The second limitation is constituted by the scope of the assessment of smartphone usage. Either this variable is assessed broadly (i.e. overall engagement with the device, without regard of the specific apps/functionalities used) or narrowly by focusing on one out of the many aspects of smartphone engagement, such as social media. Both approaches do not allow for the identification of drivers of the relationship between smartphone engagement and delay discounting. However, a novel method leveraging the native Apple iOS feature “battery usage” has made it possible to overcome the above-mentioned measurement issues [23]. For this, researchers collect data from participants’ iPhones which show the exact duration of all applications used recently. In addition to providing a comprehensive picture of individuals’ usage patterns, this method is also non-intrusive as participants are not aware that their usage data are collected, as opposed to e.g. installing an app which records usage data and thereby potentially influencing naturalistic behavior.

This method has already been employed successfully when relating smartphone usage to other variables, such as well-being [22].

Furthermore, a promising neuroscientific model has emerged recently, which seeks to explain the mechanisms underlying intertemporal choice. According to this model, the variability in people’s tendency to discount delayed rewards may be explained by individual differences in reward valuation, cognitive control and the ability to imagine future outcomes of decisions (prospection) [14]. Investigating these three personal dispositions and the nature of their relationships with smartphone usage as well as delay discounting may further our understanding of the variables associated with excessive use.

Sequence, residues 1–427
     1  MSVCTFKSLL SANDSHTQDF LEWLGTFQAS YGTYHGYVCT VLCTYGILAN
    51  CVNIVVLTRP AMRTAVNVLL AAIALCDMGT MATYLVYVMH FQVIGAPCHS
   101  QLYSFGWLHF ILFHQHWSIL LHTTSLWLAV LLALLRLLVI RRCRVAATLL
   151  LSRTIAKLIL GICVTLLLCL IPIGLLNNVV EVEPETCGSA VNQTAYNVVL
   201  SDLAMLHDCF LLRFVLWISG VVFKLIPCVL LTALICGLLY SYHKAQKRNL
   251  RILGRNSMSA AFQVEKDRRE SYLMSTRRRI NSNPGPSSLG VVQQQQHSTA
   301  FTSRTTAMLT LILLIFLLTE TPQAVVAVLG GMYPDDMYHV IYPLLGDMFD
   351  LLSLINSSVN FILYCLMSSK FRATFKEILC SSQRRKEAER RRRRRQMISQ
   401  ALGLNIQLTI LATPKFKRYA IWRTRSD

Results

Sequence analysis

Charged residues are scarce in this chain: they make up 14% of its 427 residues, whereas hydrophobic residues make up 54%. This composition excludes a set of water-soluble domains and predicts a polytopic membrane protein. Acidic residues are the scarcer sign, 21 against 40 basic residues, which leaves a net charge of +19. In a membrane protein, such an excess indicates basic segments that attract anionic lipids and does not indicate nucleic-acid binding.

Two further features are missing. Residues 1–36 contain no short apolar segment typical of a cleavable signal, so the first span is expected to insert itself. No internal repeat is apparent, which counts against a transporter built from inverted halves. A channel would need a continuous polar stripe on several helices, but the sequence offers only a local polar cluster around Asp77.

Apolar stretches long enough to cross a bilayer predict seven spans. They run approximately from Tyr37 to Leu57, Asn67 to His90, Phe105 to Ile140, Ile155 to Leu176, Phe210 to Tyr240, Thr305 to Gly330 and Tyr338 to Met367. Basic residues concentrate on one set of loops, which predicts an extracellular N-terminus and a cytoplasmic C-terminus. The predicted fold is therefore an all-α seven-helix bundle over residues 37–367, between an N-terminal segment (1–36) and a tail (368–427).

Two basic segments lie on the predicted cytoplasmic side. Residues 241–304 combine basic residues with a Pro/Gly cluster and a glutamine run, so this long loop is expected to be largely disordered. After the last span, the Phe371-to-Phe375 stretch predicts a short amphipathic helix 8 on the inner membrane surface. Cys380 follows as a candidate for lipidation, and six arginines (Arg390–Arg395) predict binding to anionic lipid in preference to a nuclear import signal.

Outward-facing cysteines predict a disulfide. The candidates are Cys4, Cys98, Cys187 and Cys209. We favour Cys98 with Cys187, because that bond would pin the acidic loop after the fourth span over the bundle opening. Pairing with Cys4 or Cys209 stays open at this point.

Thus, to replicate and extend previous findings on the relationship between smartphone usage and delay discounting, this study investigates the following two hypotheses:

  1. Hypothesis 1: Actual smartphone usage is positively correlated with the tendency to discount future rewards (delay discounting).
  2. Hypothesis 2: The relationship between smartphone usage and delay discounting is mediated by reward valuation, cognitive control and prospection.